Markets

Wanted: Bubble Detector

Data from investors' brain activity, prices, trading volume and social-media chatter help detect an overpriced stock market.

Imagine if somehow we could rig up a bubble detector: something to tell investors when stock prices had reached unsustainable levels. Would stock market crashes disappear? Or could you at least learn to avoid them?

A professor at the California Institute of Technology thinks he might be onto such a detector. Colin Camerer is a genius, which isn’t so unusual on the geek-packed campus of Caltech. But Camerer is certified, having been awarded a so-called genius grant from the MacArthur Foundation last September. The no-strings-attached fellowships bestow a total of $625,000 on each recipient over five years. Camerer will use the windfall to further his studies in the emerging field of neuroeconomics, which uses magnetic resonance imaging to analyze brain activity to better understand human decision-making.

The idea of a bubble detector comes from a recent study coauthored by Camerer in which Caltech students watched replays of trading sessions rigged in a lab. Half of the sessions resulted in bubble markets, in which prices significantly exceeded the value of the asset. The Caltech students, given a stake of $60 at the outset, were periodically asked whether they would buy, sell or hold shares of the asset at the going price. Despite the fact that the fundamental value of the lab-created security was easy to calculate, based on dividend payments that decreased at regular intervals over the sessions, some of the students got swept up in the bubble anyway. “These kids are extremely analytical,” says Camerer. “The median math SAT score here is 800 [out of 800]. It’s hard to believe they can’t count and keep track of a dividend value.”

Scans of the students’ brains found that susceptibility to bubble markets is associated with two types of activity. One is in the area where we make social calculations—figuring out what other people are going to do, what they want, what they think of us. “That supports the greater fool theory” of bubbles, says Camerer. “It’s not that these investors don’t realize that in 15 minutes the asset will be worthless. Instead, they think, Maybe I can sell [to a ‘greater fool’] and get out.”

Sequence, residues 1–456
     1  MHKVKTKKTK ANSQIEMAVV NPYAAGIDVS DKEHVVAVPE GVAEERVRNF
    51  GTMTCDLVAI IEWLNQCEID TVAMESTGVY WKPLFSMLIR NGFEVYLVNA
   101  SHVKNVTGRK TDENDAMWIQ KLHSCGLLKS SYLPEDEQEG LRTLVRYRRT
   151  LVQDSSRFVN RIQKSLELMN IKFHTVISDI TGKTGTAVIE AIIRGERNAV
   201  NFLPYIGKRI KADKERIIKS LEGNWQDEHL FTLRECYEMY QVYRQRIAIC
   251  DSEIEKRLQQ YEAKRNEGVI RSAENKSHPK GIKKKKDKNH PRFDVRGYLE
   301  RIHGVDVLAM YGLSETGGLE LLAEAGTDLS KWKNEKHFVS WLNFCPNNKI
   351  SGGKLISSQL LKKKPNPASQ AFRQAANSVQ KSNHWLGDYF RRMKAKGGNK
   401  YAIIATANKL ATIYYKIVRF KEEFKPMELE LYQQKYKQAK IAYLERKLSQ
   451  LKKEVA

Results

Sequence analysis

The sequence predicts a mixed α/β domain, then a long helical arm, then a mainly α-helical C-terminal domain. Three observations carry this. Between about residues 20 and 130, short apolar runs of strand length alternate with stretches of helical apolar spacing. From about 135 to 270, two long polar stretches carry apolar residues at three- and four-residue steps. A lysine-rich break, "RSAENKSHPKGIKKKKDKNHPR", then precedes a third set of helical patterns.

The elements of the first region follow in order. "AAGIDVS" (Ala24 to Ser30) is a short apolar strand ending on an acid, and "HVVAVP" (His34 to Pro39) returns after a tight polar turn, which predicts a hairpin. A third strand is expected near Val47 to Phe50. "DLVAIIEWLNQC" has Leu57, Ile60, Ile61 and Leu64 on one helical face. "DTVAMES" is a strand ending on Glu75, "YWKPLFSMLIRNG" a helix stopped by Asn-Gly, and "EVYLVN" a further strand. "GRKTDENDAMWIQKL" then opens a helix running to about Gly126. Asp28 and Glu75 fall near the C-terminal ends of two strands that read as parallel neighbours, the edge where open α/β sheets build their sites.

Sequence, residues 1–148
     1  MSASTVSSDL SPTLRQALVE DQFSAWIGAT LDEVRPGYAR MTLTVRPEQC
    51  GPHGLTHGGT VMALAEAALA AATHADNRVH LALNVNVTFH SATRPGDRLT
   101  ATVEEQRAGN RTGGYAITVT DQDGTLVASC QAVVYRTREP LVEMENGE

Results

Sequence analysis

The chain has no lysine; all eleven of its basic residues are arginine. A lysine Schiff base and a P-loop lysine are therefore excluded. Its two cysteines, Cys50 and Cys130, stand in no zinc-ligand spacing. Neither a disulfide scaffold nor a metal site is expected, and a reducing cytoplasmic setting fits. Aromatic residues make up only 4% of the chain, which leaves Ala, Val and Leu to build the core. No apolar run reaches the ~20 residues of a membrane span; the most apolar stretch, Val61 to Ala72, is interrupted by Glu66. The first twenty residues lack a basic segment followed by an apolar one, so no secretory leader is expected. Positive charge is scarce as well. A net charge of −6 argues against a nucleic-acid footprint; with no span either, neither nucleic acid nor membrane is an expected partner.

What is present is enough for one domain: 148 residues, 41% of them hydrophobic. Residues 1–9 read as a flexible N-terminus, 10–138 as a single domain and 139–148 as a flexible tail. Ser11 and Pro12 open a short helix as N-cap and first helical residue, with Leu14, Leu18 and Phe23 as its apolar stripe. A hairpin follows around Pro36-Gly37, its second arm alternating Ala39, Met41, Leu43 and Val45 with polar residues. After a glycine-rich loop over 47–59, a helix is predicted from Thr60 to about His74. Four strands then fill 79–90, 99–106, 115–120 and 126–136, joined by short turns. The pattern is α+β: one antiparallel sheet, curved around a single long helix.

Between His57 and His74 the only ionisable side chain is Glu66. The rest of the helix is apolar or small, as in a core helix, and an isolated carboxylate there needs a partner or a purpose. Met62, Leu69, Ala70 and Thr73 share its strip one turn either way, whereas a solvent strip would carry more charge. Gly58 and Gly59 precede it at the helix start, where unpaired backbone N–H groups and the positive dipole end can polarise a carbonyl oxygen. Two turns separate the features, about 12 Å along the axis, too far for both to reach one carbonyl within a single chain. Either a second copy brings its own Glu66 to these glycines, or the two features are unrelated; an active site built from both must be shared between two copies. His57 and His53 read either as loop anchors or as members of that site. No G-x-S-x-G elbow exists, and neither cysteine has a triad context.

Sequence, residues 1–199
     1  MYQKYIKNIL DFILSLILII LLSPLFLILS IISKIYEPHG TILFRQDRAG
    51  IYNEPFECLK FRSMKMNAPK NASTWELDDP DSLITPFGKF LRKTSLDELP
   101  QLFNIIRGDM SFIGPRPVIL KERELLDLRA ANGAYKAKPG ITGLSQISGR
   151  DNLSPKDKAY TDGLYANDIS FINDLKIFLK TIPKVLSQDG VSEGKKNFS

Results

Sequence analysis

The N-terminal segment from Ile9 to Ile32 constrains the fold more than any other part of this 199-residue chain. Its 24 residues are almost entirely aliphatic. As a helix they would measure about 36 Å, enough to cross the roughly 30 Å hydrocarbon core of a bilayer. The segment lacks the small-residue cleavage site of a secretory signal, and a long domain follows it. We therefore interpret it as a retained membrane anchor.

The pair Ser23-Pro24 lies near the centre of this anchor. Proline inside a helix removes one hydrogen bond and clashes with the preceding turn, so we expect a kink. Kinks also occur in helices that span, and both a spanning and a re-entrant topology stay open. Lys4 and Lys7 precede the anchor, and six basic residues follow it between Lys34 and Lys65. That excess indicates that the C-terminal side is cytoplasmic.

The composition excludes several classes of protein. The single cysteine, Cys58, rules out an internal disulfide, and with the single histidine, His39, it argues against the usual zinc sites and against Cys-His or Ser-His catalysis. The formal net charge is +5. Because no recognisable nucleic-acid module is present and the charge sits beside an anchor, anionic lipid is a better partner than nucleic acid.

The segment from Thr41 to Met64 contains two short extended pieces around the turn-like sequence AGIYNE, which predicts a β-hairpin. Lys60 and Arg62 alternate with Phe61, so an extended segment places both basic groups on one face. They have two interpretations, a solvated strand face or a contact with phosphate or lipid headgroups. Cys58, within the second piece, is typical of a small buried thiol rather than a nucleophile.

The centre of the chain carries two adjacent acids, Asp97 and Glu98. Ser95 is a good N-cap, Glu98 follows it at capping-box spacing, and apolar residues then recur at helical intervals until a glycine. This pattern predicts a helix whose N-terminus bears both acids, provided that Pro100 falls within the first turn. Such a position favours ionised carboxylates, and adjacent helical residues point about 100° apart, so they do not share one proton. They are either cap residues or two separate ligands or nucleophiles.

Camerer also found that the human brain seems to recognize (probably not consciously) that a bubble market has a restless pattern that doesn’t conform to the rhythm of normal markets. “People recognize that there’s something unusual, some social contagion that’s moving prices around,” says Camerer. Ultimately, any early-warning system would include information from brain activity, prices and trading volume, as well as chatter in social media and the news. “I’m very optimistic about bubble detection,” says Camerer.

Ka-ching Factor

Camerer also looks to the brain to discover why investors tend to sell winning stocks too soon and procras­tinate about dumping losers—behavior documented years ago by finance pro­fessors Terrance Odean and Brad Barber. Camerer found that when people sell winners, even those destined to rise further, activity flares in a part of the brain that assigns value and recognizes rewards. “The ka-ching feeling of locking in that profit, even though it’s a mistake, feels good,” says Camerer. “The lesson is that you somehow have to override that signal.”

If you’re reluctant to sell a poorly performing stock because you think it will come back, try this test: Ask yourself if you’re willing to double down and buy more. “If your heart and brain tell you that’s dumb, that’s your way of knowing you don’t really think it’s going to bounce back,” says Camerer.

Sounds a lot like the old Wall Street adage: Cut your losses short, but let your profits run. Camerer says he would not be at all embarrassed if “all we discovered is that Warren Buffett is right.”

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